Monday, November 1, 2010

HCV Tx Cuts Deaths Post-Transplant/AASLD

By Michael Smith, North American Correspondent, MedPage TodayPublished: October 31, 2010Reviewed by Robert Jasmer, MD; Associate Clinical Professor of Medicine, University of California, San Francisco.

BOSTON -- After a liver transplant, successful treatment for hepatitis C significantly reduces the risk of death, researchers reported here.

The finding, from a retrospective analysis of nearly 500 patients from 12 Italian liver transplant centers, suggests that antiviral treatment should be "strongly pursued," according to Maria Rendina, MD, of the University of Bari in Bari, Italy and colleagues.

Many physicians are reluctant to treat the recurrent disease aggressively because of a perceived lack of clinical effect and because of frequent adverse events, Rendina said at the annual meeting of the American Association for the Study of Liver Diseases.

But in this study population, she said, the lack of a sustained virologic response (SVR) -- defined as undetectable viral RNA 24 weeks after the end of treatment -- was "significantly and independently" associated with a threefold increased risk of death.

All told, Rendina's group studied outcomes for 464 consecutive liver transplant patients who were treated after their hepatitis C recurred. Over a median follow-up of six years, Rendina said, 35% of the patients achieved an SVR and most maintained the response throughout the study period.

But mortality was significantly lower among those with an SVR. In addition, she noted:

Only 10% of those who were successfully treated died, including only one from liver-related causes.
In contrast, 34% of those who did not achieve an SVR died, including 89 (or 28%) from liver-related causes.
The difference was significant at P=0.001, but there was no significant difference in the rate of death from non-liver related causes.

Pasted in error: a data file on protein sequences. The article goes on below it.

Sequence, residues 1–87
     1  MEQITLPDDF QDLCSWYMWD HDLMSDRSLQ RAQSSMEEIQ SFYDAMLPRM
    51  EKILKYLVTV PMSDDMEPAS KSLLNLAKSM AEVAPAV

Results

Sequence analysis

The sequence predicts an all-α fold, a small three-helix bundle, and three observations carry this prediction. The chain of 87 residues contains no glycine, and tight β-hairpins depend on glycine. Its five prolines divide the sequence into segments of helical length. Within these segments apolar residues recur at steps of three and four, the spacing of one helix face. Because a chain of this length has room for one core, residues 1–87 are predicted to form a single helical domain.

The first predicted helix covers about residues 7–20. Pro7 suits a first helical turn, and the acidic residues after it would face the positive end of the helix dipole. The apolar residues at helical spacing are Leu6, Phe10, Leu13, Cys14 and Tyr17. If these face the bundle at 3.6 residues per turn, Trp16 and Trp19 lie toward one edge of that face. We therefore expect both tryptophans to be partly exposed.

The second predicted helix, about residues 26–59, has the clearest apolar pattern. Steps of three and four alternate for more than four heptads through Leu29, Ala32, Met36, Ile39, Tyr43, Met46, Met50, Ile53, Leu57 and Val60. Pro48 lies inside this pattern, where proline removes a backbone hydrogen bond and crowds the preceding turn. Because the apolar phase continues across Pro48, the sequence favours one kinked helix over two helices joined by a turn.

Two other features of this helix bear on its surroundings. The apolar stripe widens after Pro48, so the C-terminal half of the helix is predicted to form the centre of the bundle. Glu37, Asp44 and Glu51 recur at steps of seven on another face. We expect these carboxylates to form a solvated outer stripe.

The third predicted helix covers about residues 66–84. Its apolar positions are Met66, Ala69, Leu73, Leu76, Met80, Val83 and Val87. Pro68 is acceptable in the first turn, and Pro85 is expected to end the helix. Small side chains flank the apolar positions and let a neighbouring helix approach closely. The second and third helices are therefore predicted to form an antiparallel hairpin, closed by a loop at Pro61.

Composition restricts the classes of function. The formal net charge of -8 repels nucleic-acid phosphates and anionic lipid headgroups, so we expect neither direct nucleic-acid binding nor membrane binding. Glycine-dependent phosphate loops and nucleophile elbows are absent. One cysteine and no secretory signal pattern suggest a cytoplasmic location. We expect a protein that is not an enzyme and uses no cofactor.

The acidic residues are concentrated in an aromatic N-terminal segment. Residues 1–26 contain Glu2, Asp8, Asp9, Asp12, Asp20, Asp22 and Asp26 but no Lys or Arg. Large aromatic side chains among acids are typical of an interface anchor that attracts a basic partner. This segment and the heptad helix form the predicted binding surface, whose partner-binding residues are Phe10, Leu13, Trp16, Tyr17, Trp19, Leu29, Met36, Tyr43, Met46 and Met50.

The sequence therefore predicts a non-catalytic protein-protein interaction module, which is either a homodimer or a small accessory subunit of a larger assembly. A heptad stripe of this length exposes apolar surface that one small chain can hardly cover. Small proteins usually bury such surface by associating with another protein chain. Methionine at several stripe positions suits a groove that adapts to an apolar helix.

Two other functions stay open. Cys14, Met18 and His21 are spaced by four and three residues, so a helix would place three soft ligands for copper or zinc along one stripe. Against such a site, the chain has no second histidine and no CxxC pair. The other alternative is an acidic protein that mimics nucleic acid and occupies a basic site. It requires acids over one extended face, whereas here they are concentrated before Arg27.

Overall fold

Rendina said univariate analysis showed that older donor age, diabetes, having viral genotypes one or four, and lack of an SVR were all significant risk factors for death.

In a multivariate analysis, the lack of an SVR was associated with a significant hazard ratio for death of 3.3, she added.

Rendina noted that current treatments for hepatitis C (interferon, whether pegylated or standard, combined with ribavirin) are difficult to tolerate -- indeed, she reported 26% of the patients in the current analysis stopped treatment.

"New antivirals are urgently needed," she said.

The findings "extend the whole idea that if you have an SVR you actually improve mortality," according to Arun Sanyal, MD, of Virginia Commonwealth University Medical Center in Richmond, Va. Sanyal, president of AASLD, who was not part of the study.

Sanyal said data from the nontransplant population -- some presented at this meeting -- show that an SVR is associated with lower risk of death.

The Italian study, he said, shows that "post-transplant, if you knock the virus out then it really has a huge impact on liver-related death."

Taken together, the data "makes a really compelling case than an SVR really does represent a cure," Sanyal added.

The study may increase interest in treating more post-transplant patients, he commented, although the question of when to treat remains up in the air.

Rendina did not report any external support for the study. She said she had no financial disclosures.

Primary source: American Association for the Study of Liver Diseases
Source reference:
Rendina M, et al "SVR to antiviral therapy is highly protective against liver -- related death in patients with HCV recurrence on the graft after liver transplantation (LT)" AASLD 2010; Abstract 4.

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